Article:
Lato's unfortunate ligatures

Saturday 2 April 2016

If you use Slack, or read docs on Read The Docs, you've seen Lato. It's a free high-quality font. I like it a lot, but it has a feature that bugs me a lot: the f-i ligature:

A sample of Lato

If you've never looked into this before, a ligature is a combination of letters that are designed as a new distinct glyph. In this case, there's an "fi" shape that is used when you have an "f" and an "i" next to each other.

Ligatures have a long tradition in Latin fonts, for a reason: some pairings of letters can have a jarring look. The bulb of the f and the dot of the i can clash, and it looks better to design a combined shape that shares the space better.

But Lato doesn't suffer from this problem. Ligatures are a solution to a problem, and here they are being used when there is no problem to solve. The Lato fi ligature is more jarring than the f and the i, because it looks like there's no dot for the i.

Here's a comparison of the fi ligature in some fonts. The first column is a plain f and i presented naturally, but forced to be individual, naively. Then the fi combination as the browser text renderer draws them, and then the Unicode fi ligature, U+FB01 (LATIN SMALL LIGATURE FI):

Ligatures in various fonts

The naive Lato f and i look fine together without any intervention. The ligature looks silly without the dot. The f is trying to reach over to join the dot, but it's too far to reach, so it doesn't get there, and the f has no bulb in the first place. It doesn't make any sense.

Constantia and Georgia demonstrate a good use of ligatures: the naive pairing shows how the bulb and the dot crowd into each other, and the ligatures shift things a little to resolve the clash.

(Somehow, Lato doesn't map its fi ligature to the U+FB01 code point, so we get the default font there instead.) If you want to experiment, here's the HTML file I used to make the image.

By the way, it was an interesting challenge to get the browsers to display the unligatured f-i pairs. In Firefox, I used a zero-width space (U+200B) between the characters. But Chrome substituted the ligature anyway, so I tried putting the f and the i in adjacent spans. This worked in Chrome, but Firefox used the ligature. So I combined both methods:



Chris McDevitt 4:43 PM on 2 Apr 2016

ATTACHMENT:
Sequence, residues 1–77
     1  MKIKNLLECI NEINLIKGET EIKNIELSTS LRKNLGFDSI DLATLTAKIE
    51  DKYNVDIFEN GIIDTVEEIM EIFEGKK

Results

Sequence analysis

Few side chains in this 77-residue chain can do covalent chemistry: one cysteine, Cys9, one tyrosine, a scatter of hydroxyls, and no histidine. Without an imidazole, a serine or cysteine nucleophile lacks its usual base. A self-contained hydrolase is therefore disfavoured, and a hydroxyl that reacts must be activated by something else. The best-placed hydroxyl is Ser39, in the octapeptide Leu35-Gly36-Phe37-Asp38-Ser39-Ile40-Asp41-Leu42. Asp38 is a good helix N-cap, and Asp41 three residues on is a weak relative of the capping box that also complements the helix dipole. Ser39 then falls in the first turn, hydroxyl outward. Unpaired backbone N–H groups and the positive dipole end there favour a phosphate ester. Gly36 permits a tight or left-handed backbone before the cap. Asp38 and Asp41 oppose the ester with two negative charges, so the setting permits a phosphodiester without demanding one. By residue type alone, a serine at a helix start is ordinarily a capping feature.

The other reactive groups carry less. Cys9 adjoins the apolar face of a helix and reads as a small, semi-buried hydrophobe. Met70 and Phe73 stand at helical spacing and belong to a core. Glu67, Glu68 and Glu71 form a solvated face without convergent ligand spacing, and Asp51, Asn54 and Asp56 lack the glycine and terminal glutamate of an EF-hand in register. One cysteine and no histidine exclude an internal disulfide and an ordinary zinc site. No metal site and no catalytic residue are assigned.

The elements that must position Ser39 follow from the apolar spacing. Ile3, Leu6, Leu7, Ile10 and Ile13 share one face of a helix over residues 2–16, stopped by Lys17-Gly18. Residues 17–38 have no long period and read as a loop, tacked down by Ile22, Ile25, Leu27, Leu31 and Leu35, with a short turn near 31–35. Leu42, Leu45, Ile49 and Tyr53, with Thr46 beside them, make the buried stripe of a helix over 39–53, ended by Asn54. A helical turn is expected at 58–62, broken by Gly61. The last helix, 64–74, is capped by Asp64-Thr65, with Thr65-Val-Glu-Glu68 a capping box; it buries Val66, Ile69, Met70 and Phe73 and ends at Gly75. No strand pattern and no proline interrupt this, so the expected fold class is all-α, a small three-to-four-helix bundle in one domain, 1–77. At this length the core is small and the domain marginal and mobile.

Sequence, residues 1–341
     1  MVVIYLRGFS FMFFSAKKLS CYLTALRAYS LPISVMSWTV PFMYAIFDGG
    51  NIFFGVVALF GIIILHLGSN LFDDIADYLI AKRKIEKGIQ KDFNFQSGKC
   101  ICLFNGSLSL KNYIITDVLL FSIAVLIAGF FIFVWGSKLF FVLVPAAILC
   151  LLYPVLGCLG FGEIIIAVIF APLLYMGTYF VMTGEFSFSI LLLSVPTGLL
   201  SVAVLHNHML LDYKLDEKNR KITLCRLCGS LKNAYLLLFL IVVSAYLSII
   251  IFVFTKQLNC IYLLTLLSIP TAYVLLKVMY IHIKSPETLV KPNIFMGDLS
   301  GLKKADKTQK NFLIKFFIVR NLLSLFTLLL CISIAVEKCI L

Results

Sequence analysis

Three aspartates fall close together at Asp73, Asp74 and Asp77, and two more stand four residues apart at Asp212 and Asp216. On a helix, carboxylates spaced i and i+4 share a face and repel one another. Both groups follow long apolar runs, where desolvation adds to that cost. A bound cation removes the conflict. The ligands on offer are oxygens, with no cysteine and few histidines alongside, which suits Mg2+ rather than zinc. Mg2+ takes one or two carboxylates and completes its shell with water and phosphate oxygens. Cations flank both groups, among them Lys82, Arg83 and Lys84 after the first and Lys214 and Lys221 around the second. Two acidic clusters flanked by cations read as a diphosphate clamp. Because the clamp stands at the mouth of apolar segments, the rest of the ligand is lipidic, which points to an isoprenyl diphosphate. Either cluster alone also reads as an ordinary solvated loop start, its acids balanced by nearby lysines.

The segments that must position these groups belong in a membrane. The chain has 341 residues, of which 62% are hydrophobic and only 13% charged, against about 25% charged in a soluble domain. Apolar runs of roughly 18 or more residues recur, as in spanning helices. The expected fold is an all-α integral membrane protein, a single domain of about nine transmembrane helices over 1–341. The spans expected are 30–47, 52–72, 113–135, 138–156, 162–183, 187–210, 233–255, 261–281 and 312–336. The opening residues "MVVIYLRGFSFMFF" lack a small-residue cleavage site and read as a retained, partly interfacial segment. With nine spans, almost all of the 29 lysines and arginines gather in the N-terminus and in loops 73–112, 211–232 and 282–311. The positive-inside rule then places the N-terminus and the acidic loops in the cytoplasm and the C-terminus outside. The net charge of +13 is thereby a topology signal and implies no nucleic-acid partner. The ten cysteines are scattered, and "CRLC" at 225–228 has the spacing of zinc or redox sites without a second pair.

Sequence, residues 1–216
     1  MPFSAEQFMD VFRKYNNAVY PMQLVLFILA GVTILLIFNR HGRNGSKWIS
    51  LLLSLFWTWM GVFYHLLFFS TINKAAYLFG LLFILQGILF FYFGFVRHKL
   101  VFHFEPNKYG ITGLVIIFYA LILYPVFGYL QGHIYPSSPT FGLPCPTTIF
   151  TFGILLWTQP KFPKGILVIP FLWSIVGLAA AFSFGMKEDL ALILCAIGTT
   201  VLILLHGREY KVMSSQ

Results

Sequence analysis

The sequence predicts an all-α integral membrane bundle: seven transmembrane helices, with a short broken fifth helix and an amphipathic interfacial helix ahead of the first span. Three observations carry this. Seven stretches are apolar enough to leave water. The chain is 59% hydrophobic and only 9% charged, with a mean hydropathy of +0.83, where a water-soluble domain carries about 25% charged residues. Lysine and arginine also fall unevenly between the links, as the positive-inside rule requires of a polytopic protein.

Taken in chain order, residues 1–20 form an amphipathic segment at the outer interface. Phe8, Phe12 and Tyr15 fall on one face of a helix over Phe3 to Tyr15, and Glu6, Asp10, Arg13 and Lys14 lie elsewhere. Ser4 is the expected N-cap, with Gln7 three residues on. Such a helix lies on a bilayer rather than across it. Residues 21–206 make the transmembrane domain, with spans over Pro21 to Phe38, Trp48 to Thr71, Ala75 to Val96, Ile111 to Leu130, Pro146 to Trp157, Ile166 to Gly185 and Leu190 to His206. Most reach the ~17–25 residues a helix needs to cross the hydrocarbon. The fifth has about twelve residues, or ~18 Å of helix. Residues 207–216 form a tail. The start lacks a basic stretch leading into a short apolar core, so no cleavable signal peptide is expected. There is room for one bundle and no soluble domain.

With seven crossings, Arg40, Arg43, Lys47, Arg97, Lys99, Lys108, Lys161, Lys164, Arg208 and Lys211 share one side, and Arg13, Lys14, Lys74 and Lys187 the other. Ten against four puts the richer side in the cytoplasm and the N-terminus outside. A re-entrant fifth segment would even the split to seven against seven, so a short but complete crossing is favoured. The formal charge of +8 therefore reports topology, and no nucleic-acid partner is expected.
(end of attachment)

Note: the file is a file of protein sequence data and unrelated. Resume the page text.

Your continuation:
Futura also has a very strange fi ligature.

You can disable ligatures in Chrome with this css:

font-variant-ligatures: no-common-ligatures;
and you could add it to the Stylebot chrome extension for I actually have a global rule to add ligatures for all sites but I agree the the Lato one isn't nice.

For all browsers:
.class {
  font-variant-ligatures: no-common-ligatures;
  -moz-font-feature-settings: "liga" 0, "clig" 0;
  -webkit-font-feature-settings: "liga" 0, "clig" 0;
  font-feature-settings: "liga" 0, "clig" 0;
taken from

sr 10:06 PM on 2 Apr 2016

My main gripe is with fi-ligatures in words with "ffi" in them (like #office on slack) - while technically probably a correct use, I find it horrible that the 2 consecutive fs look different :(

Ned Batchelder 10:22 PM on 2 Apr 2016

@chris, thanks! Now if I could only get those styles applied in the Slack native client. It's really just a wrapper around the web code, but there's no way in.

@sr: the ffi ligature is another distinct ligature (Unicode U+FB03), so it's probably been designed like that. Another misstep... :(

unicode nerd 9:51 PM on 21 Apr 2016

Use zwnj (zero-width non-joiner).

Adam Palay 3:11 PM on 27 Apr 2016

@ned, I'm holding out for the pre 18th century long-s ligature to make a comeback :)

Adam Palay 3:13 PM on 27 Apr 2016


Aron Griffis 6:34 PM on 23 Sep 2016

Lato's U+FB01 code point starts working if you switch to Lato 2.0 (since Google is stuck on 1.0)

<link rel="stylesheet" href="">


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